Real Analytics Implementation with Cognos (supplemented by a few quotes from ‘Lose Yourself’)
MARTIN KEEN 1200007VU3 MKEEN@US.IBM.COM | | Tags:  erik_wiedenman analytics business dynamic cubes intelligence
0 Comments | 4,922 Visits
This post is by Erik Wiedenman, IBM Redbooks Manager
Well, I was sitting there the other day playing with blocks with my grand-nephew and the blocks made me think of Cognos Dynamic Cubes and how critical Cognos dashboards were to our transformation of a poorly coded, legacy metrics setup into a reliable, fast, consistent and flexible analytics environment.
OK, not really on the blocks part, but I’ve heard that blogs work better when they have a personal spin, so it seemed like a good way to start. But really, the part about the transformation is true, and as I drove into work this morning I was thinking about Cognos (while listening to a little Marshall Mathers), because I did get a real, tangible sense of value this week when I read the newly published Redbooks IBM Cognos Dynamic Cubes book.
In a previous job, I was a manager for metrics and analytics implementation. This was a wonderful job with the ability to really improve the business by getting and presenting data in ways that highlighted problems, suggested solutions and aided decision making. And as we got better and more sophisticated, we began to recognize not just problems but opportunities. I loved it.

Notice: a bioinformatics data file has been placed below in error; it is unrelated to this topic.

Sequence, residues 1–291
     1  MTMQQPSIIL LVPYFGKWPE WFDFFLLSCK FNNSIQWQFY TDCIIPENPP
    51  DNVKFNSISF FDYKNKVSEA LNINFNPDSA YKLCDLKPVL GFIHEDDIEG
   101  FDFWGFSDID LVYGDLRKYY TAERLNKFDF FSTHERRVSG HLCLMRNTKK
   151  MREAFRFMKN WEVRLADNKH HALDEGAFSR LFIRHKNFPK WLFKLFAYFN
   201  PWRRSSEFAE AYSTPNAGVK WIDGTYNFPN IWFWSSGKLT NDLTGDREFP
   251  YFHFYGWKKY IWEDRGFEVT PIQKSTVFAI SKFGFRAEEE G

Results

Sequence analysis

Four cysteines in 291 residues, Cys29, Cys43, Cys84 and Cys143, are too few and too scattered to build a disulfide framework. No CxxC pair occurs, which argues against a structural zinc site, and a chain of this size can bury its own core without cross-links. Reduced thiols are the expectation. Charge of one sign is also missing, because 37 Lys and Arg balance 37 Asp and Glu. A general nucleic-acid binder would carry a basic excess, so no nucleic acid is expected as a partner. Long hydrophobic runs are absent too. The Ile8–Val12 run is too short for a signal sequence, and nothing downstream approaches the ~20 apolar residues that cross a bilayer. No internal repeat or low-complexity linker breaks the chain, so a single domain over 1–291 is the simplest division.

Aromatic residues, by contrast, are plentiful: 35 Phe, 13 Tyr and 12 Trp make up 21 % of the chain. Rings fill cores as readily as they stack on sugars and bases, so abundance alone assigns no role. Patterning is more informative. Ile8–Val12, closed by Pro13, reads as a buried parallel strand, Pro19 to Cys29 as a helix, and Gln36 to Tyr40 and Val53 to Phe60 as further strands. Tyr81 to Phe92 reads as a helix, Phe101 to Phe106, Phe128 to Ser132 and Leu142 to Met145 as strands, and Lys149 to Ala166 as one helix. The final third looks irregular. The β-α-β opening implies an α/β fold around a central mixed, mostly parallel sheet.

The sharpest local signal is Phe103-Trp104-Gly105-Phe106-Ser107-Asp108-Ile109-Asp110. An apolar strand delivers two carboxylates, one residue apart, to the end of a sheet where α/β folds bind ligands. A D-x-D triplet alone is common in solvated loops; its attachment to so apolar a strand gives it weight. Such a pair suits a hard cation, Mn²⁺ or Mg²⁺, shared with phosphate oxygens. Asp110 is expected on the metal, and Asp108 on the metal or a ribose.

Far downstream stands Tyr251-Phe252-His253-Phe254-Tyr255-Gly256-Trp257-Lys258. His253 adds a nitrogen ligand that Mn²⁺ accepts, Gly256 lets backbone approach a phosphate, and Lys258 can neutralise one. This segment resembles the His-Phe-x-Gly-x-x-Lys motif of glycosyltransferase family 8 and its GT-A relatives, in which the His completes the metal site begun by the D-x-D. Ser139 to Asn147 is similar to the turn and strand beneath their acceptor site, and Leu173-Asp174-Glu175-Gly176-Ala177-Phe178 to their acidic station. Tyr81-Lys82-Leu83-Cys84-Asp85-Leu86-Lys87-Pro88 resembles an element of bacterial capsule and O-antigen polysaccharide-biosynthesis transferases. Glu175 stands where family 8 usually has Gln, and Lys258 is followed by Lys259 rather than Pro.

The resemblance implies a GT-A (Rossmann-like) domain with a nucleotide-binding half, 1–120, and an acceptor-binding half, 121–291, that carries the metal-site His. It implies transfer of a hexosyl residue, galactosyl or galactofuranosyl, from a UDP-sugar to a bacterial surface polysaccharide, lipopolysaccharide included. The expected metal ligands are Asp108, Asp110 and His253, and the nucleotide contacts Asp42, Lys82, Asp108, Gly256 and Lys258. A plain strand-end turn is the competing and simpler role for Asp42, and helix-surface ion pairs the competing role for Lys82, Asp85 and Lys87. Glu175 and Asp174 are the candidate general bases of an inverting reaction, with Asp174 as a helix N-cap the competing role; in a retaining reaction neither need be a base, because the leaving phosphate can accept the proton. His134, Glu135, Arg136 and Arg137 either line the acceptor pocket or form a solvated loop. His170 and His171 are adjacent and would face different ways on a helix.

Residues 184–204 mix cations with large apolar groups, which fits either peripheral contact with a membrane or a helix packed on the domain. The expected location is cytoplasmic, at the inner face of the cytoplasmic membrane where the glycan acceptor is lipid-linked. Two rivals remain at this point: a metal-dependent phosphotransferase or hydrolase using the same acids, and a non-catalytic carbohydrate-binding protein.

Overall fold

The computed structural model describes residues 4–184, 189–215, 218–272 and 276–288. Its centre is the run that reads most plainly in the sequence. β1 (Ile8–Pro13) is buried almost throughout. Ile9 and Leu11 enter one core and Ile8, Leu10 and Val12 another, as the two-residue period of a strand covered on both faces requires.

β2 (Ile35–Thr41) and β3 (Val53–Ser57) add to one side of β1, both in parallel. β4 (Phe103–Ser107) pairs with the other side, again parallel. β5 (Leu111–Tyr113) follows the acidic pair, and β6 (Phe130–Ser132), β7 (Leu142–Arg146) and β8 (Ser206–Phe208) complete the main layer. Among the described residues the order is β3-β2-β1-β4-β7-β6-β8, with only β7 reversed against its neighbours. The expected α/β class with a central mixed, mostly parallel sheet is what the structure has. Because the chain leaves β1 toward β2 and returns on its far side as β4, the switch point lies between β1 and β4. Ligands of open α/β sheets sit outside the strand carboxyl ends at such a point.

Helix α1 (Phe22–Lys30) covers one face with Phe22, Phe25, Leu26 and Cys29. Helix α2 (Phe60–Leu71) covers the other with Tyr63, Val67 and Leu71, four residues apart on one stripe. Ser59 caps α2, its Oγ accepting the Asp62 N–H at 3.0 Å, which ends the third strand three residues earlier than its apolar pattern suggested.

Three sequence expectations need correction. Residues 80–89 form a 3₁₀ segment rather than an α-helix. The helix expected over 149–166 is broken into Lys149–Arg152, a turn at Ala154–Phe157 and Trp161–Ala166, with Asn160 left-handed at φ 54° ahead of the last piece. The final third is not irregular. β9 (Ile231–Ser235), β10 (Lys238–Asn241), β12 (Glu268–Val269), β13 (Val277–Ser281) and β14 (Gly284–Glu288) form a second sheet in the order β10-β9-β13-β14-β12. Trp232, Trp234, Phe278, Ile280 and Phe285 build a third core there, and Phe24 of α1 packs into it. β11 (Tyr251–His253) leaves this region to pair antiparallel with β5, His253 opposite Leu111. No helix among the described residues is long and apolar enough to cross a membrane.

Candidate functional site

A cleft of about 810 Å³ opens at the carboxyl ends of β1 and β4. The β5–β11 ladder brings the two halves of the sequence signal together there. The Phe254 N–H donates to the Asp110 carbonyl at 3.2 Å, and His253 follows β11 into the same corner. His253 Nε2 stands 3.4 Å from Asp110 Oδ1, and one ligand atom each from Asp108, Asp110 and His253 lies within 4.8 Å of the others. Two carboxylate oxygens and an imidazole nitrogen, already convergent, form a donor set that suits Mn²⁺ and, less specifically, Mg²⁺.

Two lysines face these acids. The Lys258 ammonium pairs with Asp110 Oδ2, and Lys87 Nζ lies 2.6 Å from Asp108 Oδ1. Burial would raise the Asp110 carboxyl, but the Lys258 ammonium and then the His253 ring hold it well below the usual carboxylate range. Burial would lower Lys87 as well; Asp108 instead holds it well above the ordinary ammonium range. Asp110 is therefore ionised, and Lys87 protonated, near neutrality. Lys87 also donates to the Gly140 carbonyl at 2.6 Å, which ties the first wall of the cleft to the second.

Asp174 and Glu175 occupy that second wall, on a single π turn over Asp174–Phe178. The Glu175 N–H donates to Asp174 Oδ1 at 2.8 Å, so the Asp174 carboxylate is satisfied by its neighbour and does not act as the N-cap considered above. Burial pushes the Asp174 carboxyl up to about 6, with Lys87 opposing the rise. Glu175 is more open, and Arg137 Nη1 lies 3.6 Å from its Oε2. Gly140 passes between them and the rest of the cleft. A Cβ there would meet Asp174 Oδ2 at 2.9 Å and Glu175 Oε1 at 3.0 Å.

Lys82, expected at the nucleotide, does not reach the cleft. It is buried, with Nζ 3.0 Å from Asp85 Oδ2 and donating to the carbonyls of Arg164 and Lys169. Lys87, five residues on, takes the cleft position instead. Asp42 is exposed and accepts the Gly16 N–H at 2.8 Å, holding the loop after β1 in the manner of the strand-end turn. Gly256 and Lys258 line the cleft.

However, we didn’t start out there. As any of you who’ve worked on metrics know, the path to good analytics is fraught with difficulties. We thought we had a good set of standard metrics, but ‘snap back to reality, oh, there goes gravity’ – everybody liked our metrics, but nobody understood them and they often disbelieved them! How many times did we second guess our data when it didn’t show what we expected or wanted?
“That doesn’t look right to me? When was it loaded? Oh that’s old data from three days ago, this week’s ETL will show that we don’t really have a problem!”
“Can you rerun the reports, there must be something wrong? That’ll give us better results! What, next week?!?”
This was even more true in our case where we started from a legacy system with hard coded metrics (executed by a parade of interns years and years ago), and with data exponentially growing in size and complexity, in multiple unresolved databases or even embedded within the coding. Who even understood the existing reports?!?! We’d lost ourselves.
But ‘this opportunity comes once in a lifetime’. Thanks to significant executive and business owner support, a good plan and a great global team, ‘feet fail me not’, we were able to ‘move toward a new world order’. We got to all our data coming from rationalized databases with real time data flow and – critical factor - globally consistent Cognos management, reporting and dashboard capability. It was quite an exciting journey – and still is. I probably will blog a lot more about what we learned from our experiences, but in the interim here’s a great book that I wish I’d known about before we started: IBM Cognos Business Intelligence V10.1 Handbook. And really, the great part after a transformation like this is to be able to focus on improvements and actions around our real business information, not questions about the data, timing, running, etc.
In fact, I’m so happy with the progress we made, that here I am, in my next job, and I felt compelled to read the latest Cognos book (it’s really quite good) and even to use my time to edit the two Cognos books into additional documents – Solution Guides – which provides a good initial overview targeted to business leaders, management and professionals like myself. It’s worth your time to give them a quick look, because analytics is key to any great business, and in the end, success is our only option.